Vet's View Dr Galley roping with Clay Cooper


Roper's Sports News is proud to announce the welcome addition of a monthly column, Vet's View by Dr. Richard H. Galley.

Richard H. Galley, DVM graduated from Colorado State University with a degree as Doctor of Veterinary Medicine in 1965. After serving in Vietnam, he practiced veterinary medicine on major racetracks from 1968 until 1993. He now has a clinical equine practice limited to the equine athlete in Willow Park, Texas.

Dr. Galley is a member of the American Veterinary Medical Assoc., and the Texas Veterinary Medical Assoc. He has presented professional papers and held seminars at various conferences over the years, as well as being a contributing author in equine industry publications.

Dr. Galley has also competed in professional team roping competitions throughout the south-western United States from 1967 to 2007.

Dr. Galley,

My partner’s heading horse got into a bunch of baling wire recently and got a bunch of small nicks and scratches on both of his front legs from the knees down.  None of the wounds need to be sewn up. His horseshoer used to work for a vet and he put some yellow salve on the legs and wrapped them really tight to keep the swelling down. This morning they took the wraps off and both legs are real swollen and sore to touch. I am pretty sure that they gave him some antibiotics yesterday but do you think they could be getting infected?  What else should he do for him?  We are entered at the USTRC Finals and really need him.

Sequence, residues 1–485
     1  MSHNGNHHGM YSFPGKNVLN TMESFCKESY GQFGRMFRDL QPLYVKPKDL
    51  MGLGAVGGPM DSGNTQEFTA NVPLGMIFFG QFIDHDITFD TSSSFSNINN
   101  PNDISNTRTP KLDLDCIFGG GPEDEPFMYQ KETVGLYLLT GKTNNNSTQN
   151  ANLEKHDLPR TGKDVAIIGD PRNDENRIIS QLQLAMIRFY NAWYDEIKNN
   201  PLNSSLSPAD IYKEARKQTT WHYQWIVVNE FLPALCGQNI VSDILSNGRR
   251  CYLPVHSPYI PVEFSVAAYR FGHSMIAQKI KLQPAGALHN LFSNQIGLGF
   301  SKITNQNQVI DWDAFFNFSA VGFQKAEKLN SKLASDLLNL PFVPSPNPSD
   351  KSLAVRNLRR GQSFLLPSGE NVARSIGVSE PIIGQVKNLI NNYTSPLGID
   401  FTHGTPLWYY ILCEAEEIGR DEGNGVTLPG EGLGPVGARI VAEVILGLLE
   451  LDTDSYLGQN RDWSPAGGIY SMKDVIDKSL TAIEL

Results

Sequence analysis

Answer:

It sounds as if they may have wrapped him too tightly when they “put some yellow salve on the legs and wrapped them really tight to keep the swelling down." Of course I haven’t seen the horse so I don’t know how severe it is.

Dr. Galley,
Several years ago I brought 2 horses that had hurt their back end to you at your clinic. I had just started roping and was really a novice and you did a very thorough job and helped them both. I remember that you told me that the ground in the arena has a lot to do with keeping my horses sound and when I described my arena dirt to you, you mentioned that I should be raking my boxes every few runs. Since that time I have really watched how the boxes are raked at the ropings. I was lucky enough to win a shootout in the #8 at the USTRC Finals and they had a guy that just raked the boxes during the roping. That is all that he did! A lot of the local jackpots hardly ever rake the box and I wish you would repeat what you told me back then so those guys will know how important it is. Thanks and I hope that you are doing better.

Answer:

Congratulations on winning a shootout. They are not easy to come by. I hope that you enjoyed the Finals and won a bunch of their money. You bring up a very good point about the ground in the arenas that we rope in, not only the local ropings but also some of the larger ones.

Dear Dr. Galley,
I am an average type of middle aged team roper with a problem. I haven’t lived in this area for very long because I moved here from the Northwest. When I moved here I had a lot of trouble finding a horseshoer and now the one I have been using has gotten hurt and can no longer shoe horses. Can you please give me a hint as to how to select a horseshoer? Thanks.

Answer:

Finding a good and competent farrier can be a real problem. You didn’t mention what your location is but in this part of the world there are a lot of good horses and so there are also a lot of good farriers…the problem is finding one that does a satisfactory job and has the time to fit another client into his (or her) schedule.